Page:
While a perfectly flipped chive pancake is a beautiful, impressive sight to behold, the most important thing is to simply catch the thing, even if it lands awkwardly on an edge, collapsing into a pile of chive scramble. Once you get the general feel for chive pancake, it will always be close to perfect.
In order to flip the pancake you need a round, relatively light pan with gently curved sides. A non-stick omelet pan is the lightest option, and makes it really easy.
Basic Chive or Scallion Pancake recipe
- 1 teaspoon sesame oil
- 1 teaspoon olive oil
- 1 little bunch of chives (or scallions), about the diameter of a quarter, minced from the bottom up, until the point where the relatively thick stem peters into flat leaves
- 2 teaspoons butter
- 1 or 2 eggs, beaten
- 1 teaspoon soy sauce
- Pinch black pepper
Heat the oils in the pan on medium heat. Add the chopped chives and let them sizzle briefly, spreading them evenly around the pan with a spatula. Add half the butter to the middle. When it’s melted turn the heat to high, wait 10 seconds, pour the egg right into the middle where the butter was, and then circle it out as evenly as possible to cover the pan. Don’t hold the egg bowl upside down very long, because you will want to save a little beaten egg for a step I call “pancake repair.”
Pancake flipping part 🙂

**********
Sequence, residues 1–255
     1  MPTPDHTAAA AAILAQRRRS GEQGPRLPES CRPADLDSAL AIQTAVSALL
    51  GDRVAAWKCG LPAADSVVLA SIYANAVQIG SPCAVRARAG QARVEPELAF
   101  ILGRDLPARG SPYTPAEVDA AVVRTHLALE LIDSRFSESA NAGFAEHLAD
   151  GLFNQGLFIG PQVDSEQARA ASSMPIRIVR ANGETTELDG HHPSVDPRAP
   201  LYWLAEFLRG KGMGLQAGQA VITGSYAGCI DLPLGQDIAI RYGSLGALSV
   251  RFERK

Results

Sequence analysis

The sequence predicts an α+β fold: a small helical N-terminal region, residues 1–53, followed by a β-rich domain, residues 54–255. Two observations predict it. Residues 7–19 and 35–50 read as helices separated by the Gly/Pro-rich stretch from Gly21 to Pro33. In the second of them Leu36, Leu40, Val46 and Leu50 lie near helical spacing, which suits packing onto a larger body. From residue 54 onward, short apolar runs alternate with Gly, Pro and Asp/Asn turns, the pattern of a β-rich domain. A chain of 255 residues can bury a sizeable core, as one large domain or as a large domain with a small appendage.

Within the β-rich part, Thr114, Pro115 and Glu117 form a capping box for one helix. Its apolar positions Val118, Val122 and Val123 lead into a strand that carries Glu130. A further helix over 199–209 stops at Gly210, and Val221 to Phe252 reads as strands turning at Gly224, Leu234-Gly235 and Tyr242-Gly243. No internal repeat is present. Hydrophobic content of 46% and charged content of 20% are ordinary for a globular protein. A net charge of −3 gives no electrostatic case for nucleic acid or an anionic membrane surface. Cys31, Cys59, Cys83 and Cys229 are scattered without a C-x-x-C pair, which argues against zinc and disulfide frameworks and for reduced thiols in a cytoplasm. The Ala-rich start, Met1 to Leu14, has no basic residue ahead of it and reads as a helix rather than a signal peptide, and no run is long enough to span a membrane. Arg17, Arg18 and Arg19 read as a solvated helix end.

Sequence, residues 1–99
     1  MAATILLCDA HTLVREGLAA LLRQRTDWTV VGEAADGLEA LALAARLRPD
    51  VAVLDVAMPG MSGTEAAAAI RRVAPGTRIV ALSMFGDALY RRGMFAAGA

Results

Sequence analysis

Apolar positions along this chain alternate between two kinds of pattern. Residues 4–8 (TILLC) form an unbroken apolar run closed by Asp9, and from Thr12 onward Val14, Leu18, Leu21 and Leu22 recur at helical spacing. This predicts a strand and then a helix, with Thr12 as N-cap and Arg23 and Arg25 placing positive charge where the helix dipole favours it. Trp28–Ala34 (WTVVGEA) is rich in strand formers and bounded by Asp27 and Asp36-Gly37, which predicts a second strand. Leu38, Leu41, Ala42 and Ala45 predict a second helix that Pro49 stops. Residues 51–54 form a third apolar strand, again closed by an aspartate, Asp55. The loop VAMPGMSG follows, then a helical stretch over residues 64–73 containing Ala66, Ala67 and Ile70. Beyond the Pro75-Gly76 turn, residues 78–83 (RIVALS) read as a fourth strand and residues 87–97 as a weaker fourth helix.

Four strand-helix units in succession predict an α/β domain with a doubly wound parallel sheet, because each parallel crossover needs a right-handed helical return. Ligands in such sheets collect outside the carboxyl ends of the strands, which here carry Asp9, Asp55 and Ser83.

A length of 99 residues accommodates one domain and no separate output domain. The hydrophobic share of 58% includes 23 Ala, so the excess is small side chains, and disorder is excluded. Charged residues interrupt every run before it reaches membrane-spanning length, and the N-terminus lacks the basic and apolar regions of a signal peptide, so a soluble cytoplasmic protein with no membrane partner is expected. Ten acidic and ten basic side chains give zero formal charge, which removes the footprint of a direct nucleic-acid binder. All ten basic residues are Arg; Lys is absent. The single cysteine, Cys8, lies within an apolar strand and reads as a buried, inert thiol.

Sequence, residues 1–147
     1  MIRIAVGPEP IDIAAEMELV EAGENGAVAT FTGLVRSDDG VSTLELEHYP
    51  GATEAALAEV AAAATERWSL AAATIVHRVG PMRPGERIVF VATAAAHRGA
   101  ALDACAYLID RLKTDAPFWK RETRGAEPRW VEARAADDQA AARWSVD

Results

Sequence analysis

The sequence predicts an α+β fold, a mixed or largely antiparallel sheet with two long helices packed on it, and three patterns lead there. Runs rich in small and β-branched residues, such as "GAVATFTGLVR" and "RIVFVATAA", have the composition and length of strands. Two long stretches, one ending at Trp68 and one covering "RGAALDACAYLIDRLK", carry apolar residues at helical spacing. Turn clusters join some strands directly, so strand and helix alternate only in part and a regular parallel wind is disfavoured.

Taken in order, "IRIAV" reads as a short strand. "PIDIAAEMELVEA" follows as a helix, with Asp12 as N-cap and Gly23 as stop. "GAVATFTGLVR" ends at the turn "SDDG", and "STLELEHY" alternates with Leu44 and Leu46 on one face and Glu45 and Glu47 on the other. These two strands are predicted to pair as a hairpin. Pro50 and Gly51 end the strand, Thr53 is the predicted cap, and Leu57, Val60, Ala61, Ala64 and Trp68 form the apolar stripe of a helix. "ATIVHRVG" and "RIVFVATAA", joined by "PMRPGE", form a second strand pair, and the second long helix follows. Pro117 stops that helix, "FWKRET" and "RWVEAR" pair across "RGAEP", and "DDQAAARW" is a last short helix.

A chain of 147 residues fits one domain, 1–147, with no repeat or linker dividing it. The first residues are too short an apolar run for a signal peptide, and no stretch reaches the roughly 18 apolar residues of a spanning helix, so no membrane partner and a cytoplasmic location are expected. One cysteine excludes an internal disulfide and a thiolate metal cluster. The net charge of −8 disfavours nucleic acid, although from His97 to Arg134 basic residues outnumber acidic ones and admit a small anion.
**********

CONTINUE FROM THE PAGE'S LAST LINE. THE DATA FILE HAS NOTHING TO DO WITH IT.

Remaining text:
Once the edges get sharp, prepare to flip the pancake. It must be completely unstuck from the pan, so shake the pan forward and back, left right left, trying to get it to slide loose. If you can’t break it free like that, use a spatula to lift the edges or any sticky spots in the middle that are keeping it from sliding. If it breaks at all during this unsticking process, repair the damage with leftover egg mix.
Once the pancake is loose, keep the pan moving underneath it, in a swirling motion. With the bottom loose and top still soupy, sprinkle the soy sauce and black pepper evenly and place the rest of the butter in the middle of the pancake top, which is about to be the bottom. Turn off the stove, step away, get balanced, and flip it.
Don’t launch the pancake into orbit. Two to six inches above the pan is fine, assuming you bend your knees, keeping your back straight, watching the floating pancake slowly rotate 180 degrees.
Stick the landing, quickly free any pieces of the edge that may be folded and tucked under. Repair any damage with leftover egg mixture.